Don't only practice your art, but force your way into its secrets - Ludwig Van Beethoven
In this article we will share some of the best practices for lead scoring for clients on HubSpot.
For the most part it is important to understand that HubSpot is a consumer-focused inbound Marketing automation platform. The lead scoring functionality is designed to score all contacts in the database based on scoring rules.
Lead scoring is one of the most important tools in your marketing automation toolkit and a good starting point is the basis for a solid model. Before implementing a new lead scoring model it is best to analyze demographic and behavioral data from customer data to design and implement a model that you can build upon and be of value in determining which leads your sales team should follow up on.
Here a few pointers to consider:
Workflows - Even though HubSpot allows you to create a lead scoring model using workflows for specific marketing campaigns or special needs, we prefer to keep it as an alternative approach and not as the main lead scoring model. Managing workflows can prove be a tough and time consuming task when you need to include additional enrollment triggers.
Smartlists - When you need to add a new rule to your lead scoring always provide a smartlist with all the contacts that will be affected. This will let you know how many contacts will be impacted retroactively and help you decide about scoring contacts going forward or not.
Simplify - Keep it as general and simple as possible or you will have a bunch of rules that will put you in a difficult situation if you need to make adjustments to improve performance. Instead of adding a new rule each time a new CTA is needed for a specific email or campaign, try to create a general rule for any CTA. If you have important campaigns that need a different scoring model it is possible to create custom properties for scoring and workflows to move contacts down the funnel.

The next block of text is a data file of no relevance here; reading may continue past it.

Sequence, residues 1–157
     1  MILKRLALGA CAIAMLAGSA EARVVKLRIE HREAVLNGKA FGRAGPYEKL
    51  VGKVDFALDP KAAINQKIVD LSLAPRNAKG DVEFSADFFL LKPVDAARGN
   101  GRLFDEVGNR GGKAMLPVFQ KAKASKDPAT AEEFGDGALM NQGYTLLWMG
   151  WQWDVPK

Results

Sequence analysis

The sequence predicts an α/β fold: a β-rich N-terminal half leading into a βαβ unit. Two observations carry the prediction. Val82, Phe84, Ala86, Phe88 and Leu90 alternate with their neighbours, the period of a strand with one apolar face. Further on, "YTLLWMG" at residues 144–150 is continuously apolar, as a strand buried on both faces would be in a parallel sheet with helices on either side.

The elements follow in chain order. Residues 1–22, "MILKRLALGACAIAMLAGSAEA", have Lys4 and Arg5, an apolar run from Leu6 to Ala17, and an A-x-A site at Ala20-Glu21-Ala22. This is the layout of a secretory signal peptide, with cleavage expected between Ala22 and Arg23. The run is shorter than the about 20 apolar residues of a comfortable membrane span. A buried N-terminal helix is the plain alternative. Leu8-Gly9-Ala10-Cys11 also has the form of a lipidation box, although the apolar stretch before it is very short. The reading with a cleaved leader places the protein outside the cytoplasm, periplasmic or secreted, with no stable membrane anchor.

Test - Always test at least one contact against your criteria before applying any adjustments. After you saved your changes, wait until the system calculates new scores for your contacts. Lead scoring in HubSpot takes some time, especially if many contacts need to be scored. If the HubSpot score of the contact you tested before has not been updated then most likely the system is still calculating the new score.
Rules - Create rules to differentiate between free email providers if you're focusing on B2B marketing and targeting accounts with business domains.
Dates - Consider including “Rolling dates” for each behavior based rule. For example, If the last click on a CTA happened more than 2 years ago, then it might not be a good idea to invest in that contact.
Attributes - Keep negative attributes as simple as possible and only for actions that indicate your contacts are less engaged with your business or fall into a category you don’t sell. For example, you can deduct points for contacts who have opted out of your email communications. Instead of adding negative rules it is better to create an exclusion list and add it to the enrollment triggers located in the workflows used for each lifecycle stage transition (MQLs, SQLs etc.)
As you can see when establishing a lead scoring model in HubSpot it is important to take into consideration best practices. It’s important to understand the functional limitations of the approach you decide to take or don't take so you can be positioned to adapt and scale in the future.
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